Reel Rumbles: “The Martian” vs. “Alien”
Hitchcock had his icy blondes. Capra had his decent, all-American heroes. Ridley Scott has his solitary survivors in space. The two involved in this Reel Rumble are Ripley, who fends off facehuggers and chestbursters in Alien, and Mark Watley, who survives months of isolation in The Martian by “farming in [his] own shit.” Which of Scott’s resourceful space adventurers can help their movie survive the Flickchart challenge?
T-minus 4: Special Effects and Art Design
The art of H.R. Giger, once seen, cannot be unseen. It is often grotesque, sometimes NSFW, but usually captivating. We do not, thankfully, live in the world he depicted, one in which biomatter is lost among fractals of aluminum piping, hearts are trapped in steel ribcages, and faces are wreathed in “hair” of mechanical snakes. Yet ever since the Industrial Revolution, it is not been difficult to relate to the idea of a world run by mechanical monsters. Adapting Giger’s art for Alien in 1979, Scott downplayed the mechanical aspects (though he has recently revealed that the xenomorphs were “created” by an intelligence) and focused on the primordial, skeletal horrors conveyed by Giger’s more inhuman inventions. The xenomorph on the ship Nostromo is not fully seen until the climax of Alien, but its elongated, bony frame is terrifying enough to make good on the fear that Scott builds throughout the film.
The Martian landscape that Matt Damon’s Mark Whatley calls home probably looks a lot like the real thing, but that doesn’t make its realization in The Martian any less impressive. Ridley Scott’s Mars is like a space-age successor to John Ford’s Monument Valley as seen in classic Westerns like The Searchers: towering mesas, vast expanses of arid sand, and choking dust storms. The dust storms look especially neat in 3D, though 2D is probably better for The Martian’s earthbound scenes. Perhaps the neatest effect in The Martian is the spaceship Hermes, with its 2001-like rotating donut and a long, thin body that glides across the screen. It doesn’t look like the worst place to spend a few hundred Sols.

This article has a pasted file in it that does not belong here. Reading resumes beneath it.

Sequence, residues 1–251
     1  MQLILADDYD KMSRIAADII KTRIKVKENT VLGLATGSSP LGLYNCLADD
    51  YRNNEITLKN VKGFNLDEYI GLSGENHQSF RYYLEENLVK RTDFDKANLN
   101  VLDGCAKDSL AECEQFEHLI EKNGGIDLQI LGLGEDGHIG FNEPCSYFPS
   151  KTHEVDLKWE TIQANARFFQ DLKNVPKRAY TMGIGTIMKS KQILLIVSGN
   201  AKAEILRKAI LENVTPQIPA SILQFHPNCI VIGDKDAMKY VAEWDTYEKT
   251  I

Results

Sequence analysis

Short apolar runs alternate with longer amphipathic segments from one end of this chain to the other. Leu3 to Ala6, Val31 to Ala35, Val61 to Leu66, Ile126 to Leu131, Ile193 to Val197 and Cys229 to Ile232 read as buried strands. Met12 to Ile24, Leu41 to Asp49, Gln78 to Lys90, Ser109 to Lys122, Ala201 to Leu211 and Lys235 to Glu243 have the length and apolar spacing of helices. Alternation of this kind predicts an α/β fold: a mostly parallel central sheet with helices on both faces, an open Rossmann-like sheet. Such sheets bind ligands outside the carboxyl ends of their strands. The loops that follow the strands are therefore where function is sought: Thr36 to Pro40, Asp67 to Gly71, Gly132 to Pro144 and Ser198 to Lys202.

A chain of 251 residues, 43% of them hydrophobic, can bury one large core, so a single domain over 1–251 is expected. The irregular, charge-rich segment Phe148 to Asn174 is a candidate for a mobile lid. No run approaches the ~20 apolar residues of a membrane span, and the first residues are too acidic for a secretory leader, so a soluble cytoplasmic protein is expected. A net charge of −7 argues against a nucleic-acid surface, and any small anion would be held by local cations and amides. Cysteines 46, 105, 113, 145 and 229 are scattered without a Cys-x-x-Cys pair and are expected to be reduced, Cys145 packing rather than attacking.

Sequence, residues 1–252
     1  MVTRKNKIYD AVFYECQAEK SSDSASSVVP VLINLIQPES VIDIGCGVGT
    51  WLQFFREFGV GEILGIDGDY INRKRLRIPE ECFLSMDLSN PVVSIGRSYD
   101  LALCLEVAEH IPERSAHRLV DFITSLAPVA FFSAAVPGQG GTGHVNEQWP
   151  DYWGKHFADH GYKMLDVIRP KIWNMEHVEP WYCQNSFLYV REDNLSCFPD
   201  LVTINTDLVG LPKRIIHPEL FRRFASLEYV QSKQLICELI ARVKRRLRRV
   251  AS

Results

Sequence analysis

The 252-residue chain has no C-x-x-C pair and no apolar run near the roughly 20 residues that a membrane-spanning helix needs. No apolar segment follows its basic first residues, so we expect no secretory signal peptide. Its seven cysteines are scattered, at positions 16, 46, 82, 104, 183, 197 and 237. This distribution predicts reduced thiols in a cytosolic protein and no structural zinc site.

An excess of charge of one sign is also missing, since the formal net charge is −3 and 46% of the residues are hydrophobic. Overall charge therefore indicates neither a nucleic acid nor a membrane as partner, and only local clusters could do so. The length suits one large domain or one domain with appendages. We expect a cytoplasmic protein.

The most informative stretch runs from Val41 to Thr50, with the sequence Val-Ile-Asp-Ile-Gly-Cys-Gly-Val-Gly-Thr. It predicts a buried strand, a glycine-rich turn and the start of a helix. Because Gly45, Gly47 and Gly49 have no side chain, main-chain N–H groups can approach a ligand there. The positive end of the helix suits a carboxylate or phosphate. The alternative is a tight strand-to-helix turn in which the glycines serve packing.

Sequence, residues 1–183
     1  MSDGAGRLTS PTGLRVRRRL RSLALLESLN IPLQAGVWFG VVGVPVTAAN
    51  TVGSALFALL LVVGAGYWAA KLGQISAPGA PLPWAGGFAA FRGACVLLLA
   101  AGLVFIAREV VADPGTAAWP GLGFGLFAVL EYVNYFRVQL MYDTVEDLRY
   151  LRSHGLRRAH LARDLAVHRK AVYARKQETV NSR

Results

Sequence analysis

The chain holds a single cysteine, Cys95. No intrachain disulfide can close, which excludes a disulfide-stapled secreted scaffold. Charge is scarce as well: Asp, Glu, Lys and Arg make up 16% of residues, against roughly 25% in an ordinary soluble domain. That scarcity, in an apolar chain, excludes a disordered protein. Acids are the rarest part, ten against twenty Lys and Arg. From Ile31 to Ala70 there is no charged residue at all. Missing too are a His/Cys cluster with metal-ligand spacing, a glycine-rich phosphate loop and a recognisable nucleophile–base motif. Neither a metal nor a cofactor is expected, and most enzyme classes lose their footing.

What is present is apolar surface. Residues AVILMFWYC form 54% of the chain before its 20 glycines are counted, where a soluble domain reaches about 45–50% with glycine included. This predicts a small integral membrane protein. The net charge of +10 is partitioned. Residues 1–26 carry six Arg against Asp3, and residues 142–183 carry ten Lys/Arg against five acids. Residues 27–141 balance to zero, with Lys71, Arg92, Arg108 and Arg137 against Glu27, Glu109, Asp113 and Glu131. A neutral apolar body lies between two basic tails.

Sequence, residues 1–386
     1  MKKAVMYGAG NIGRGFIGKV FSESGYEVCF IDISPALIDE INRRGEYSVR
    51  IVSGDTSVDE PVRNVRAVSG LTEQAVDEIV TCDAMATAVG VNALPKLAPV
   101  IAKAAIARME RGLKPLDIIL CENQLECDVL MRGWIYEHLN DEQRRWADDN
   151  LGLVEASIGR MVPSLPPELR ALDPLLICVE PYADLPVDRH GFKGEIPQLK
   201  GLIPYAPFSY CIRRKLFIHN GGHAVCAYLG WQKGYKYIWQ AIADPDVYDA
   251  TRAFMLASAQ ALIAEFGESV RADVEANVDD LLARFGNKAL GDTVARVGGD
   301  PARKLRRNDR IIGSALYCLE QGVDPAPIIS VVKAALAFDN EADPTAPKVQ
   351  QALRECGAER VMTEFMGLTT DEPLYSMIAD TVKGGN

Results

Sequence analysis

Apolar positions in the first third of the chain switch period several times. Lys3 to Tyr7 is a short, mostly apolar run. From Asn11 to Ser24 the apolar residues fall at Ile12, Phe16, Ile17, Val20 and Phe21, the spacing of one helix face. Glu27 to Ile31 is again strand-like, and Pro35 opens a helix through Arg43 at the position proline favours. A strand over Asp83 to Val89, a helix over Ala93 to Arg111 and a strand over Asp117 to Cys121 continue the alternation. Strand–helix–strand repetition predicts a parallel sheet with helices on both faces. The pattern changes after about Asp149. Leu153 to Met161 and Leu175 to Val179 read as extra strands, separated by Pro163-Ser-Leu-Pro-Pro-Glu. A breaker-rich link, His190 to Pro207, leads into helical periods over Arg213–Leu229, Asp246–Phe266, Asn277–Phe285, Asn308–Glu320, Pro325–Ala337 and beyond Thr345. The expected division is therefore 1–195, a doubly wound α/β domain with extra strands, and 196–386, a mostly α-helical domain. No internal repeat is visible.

Winner: Alien — For futuristic horror, H.R. Giger can’t be beat.
T-minus 3: The Crew
The Hermes boasts the most talent-packed, A-list spaceship crew since… well, probably since Alien! Jessica Chastain is Captain Lewis, who makes the tough decision to leave Watney behind and spearheads the even tougher decision to go back for him. Watching her fly weightlessly down the Hermes‘ long corridor is one of the film’s most cheer-worthy moments. Kate Mara as Beth Johannsen also gets a lot of screen time, much of it in front of a computer monitor, but Michael Peña’s Martinez and Aksel Hennie’s German crewmember, both of whom have families at home, are more richly characterized. Sebastian Stan rounds out a crew that, strangely, includes no Russians. There are no Russians to be seen back on Earth either (it is the Chinese who are ascendant in this film’s near-future timeline), but the NASA staff is no less impressive than the Hermes crew, featuring the likes of Chiwetel Ejiofor, Sean Bean, Jeff Daniels, and Kristen Wiig. This is one of the most diverse and entertaining casts in the annals of sci-fi.
When Alien begins, Ripley (Sigourney Weaver) is just one of the Nostromo crew. She isn’t singled out like Watley for some special hell; there’s no way to predict that she’ll be the last one standing at the end of the film, or that Ripley will go on to star in three sequels with a fourth currently in development purgatory. That becomes clear only when the rest of the stars are offed, beginning with John Hurt and carrying on through Harry Dean Stanton, Yaphet Kotto, Veronica Cartwright, and Tom Skerritt. Ian Holm as “Ash” is in a category of his own — he is secretly an android, planted by the Nostromo’s parent company and programmed to transport a xenomorph back to Earth with or without the ship’s human crew. This sweaty, glowering, untrusting crew is well-suited to the needs of a thriller-horror or a mystery, which is in fact how Scott described Alien to Stanton.